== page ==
Compared to the well-known McPherson principle, however, this was modified in the 911: the "suspension struts" only had the function of the third suspension point and shock absorption,
while the suspension itself is used in longitudinal torsion bars.
This complex construction makes the front luggage compartment wider by the centimeters that the coil springs use on normal struts.
The torsion bars were therefore not installed because a Porsche must have torsion bars. but because in the current arrangement they take up less space than any other spring element.
At the rear, their transverse arrangement could be maintained, but made a trailing link suspension from the previous pendulum axle.
The reason for this was of a technical nature: in the interest of optimum driving characteristics, the aim was to avoid changes in the toe and camber caused by the oscillating axle halves.
The trailing arms (very slightly inclined) result in very correct wheel guidance. The complication was accepted that the wheels had to be driven by double articulated axles.
The use of a new steering system also had plausible reasons. The rack and pinion steering requires little height, so it does not affect the front trunk.
The steering gear required joints in the steering column, which was considered very desirable for another reason; they "disarm" the steering column in accidents.
Porsche had developed a steering column that could be pushed together telescopically, but the new solution was undoubtedly simpler and just as effective.
The steering wheel with the four horizontally arranged spokes also served to protect against accidents.
There was no nostalgic reason for the fact that it was given a wooden wreath at the time: wood is far less heat and cold-storing than the otherwise usual plastic.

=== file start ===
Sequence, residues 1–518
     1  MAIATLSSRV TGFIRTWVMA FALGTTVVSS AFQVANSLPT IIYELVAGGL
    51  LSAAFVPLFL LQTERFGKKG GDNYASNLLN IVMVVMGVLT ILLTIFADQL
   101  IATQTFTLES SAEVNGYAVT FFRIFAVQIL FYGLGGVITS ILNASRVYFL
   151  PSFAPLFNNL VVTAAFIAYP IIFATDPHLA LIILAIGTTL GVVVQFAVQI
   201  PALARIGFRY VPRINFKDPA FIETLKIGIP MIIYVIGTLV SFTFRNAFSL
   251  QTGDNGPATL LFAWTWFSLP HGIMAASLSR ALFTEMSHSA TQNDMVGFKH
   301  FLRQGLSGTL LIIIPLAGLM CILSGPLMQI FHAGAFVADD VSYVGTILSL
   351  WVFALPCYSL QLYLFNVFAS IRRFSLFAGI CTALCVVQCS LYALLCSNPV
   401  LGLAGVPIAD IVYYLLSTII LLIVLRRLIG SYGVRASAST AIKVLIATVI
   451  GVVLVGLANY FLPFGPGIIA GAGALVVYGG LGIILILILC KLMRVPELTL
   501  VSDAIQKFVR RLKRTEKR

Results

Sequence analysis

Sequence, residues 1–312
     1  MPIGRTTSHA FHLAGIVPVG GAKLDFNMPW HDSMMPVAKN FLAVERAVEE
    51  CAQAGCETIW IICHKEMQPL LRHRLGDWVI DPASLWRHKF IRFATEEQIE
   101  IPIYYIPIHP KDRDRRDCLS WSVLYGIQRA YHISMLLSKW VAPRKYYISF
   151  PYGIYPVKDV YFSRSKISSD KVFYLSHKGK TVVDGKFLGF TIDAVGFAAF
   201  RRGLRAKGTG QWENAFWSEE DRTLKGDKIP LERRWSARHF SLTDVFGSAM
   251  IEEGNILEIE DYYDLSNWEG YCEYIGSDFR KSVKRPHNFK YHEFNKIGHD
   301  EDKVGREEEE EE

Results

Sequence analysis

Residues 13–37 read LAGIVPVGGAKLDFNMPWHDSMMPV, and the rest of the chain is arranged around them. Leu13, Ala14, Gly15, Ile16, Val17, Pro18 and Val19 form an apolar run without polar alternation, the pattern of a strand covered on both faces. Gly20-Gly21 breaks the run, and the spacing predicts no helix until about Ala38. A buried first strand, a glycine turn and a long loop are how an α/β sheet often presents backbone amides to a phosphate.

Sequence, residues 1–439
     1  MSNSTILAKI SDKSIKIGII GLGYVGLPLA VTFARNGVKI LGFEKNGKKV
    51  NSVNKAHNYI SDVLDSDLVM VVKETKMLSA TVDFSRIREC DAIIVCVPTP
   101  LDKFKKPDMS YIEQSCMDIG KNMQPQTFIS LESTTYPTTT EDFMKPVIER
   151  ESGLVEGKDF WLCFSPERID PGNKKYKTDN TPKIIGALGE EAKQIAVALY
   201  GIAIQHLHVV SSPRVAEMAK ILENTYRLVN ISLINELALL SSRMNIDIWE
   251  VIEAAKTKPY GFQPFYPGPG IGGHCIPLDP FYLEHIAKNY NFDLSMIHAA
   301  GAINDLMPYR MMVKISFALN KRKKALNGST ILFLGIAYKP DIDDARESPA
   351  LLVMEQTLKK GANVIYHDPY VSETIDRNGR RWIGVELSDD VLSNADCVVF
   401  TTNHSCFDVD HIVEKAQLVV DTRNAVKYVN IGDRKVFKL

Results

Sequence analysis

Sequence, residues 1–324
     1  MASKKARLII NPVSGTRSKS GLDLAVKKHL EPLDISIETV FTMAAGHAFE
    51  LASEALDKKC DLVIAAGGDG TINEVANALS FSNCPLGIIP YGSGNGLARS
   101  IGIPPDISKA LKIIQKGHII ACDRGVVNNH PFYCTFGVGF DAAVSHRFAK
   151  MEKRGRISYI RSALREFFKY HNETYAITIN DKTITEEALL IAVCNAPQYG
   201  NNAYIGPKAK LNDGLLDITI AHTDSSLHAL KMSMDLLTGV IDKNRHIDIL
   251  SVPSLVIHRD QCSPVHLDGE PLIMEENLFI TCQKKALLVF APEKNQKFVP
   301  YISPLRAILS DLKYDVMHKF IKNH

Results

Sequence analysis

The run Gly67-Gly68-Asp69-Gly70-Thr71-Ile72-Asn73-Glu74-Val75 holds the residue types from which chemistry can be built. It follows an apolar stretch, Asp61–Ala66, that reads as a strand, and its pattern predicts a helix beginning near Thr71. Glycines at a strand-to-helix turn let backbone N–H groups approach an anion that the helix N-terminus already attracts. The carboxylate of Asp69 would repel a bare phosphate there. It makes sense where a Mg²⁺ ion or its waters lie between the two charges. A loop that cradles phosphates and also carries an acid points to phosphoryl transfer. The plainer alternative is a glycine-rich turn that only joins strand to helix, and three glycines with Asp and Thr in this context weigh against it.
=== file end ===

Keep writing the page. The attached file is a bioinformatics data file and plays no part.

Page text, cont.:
The 911 six-cylinder engine delivered 130 hp at the beginning of its career.
For comparison: the first Porsche 356, which was built in Gmund aut Käier, had a maximum output of 40 hp, which helped the car to reach a top speed of 140 kilometers an hour.
The engine of the last 356 SC, manufactured in 1965, produced 95 hp, and the small-series four-camshaft Carrera also produced 130 hp.
The evolution of the then new six-cylinder machine brought a much greater increase in performance over the years. Porsche introduced the 911 S as early as 1966 - with 160 hp.
In 1967, the customer could choose between three performance variants: between the 911 T with 110 hp, the 911 L with the original 130 hp and the "S" with 160 horses. The latter's performance rose to 170 hp a year later.
In 1969 there was a choice of either 125 HP (991 T), 155 HP (9ll E) or 160 HP (911 s) with a 2.2 liter very large displacement.
The 1971 grew to 2.4 liters, the performance data corresponding to 130/165/190 PS. And in 1972 the sport variant Carrera RS joined, which even shone with 210 PS,
So much did the 1973 Carrera, whose displacement was increased to 2.7 liters. And in 1974, in the middle of the first so-called "energy crisis", Porsche introduced the most-noticed sports car of those years, the 911 Turbo.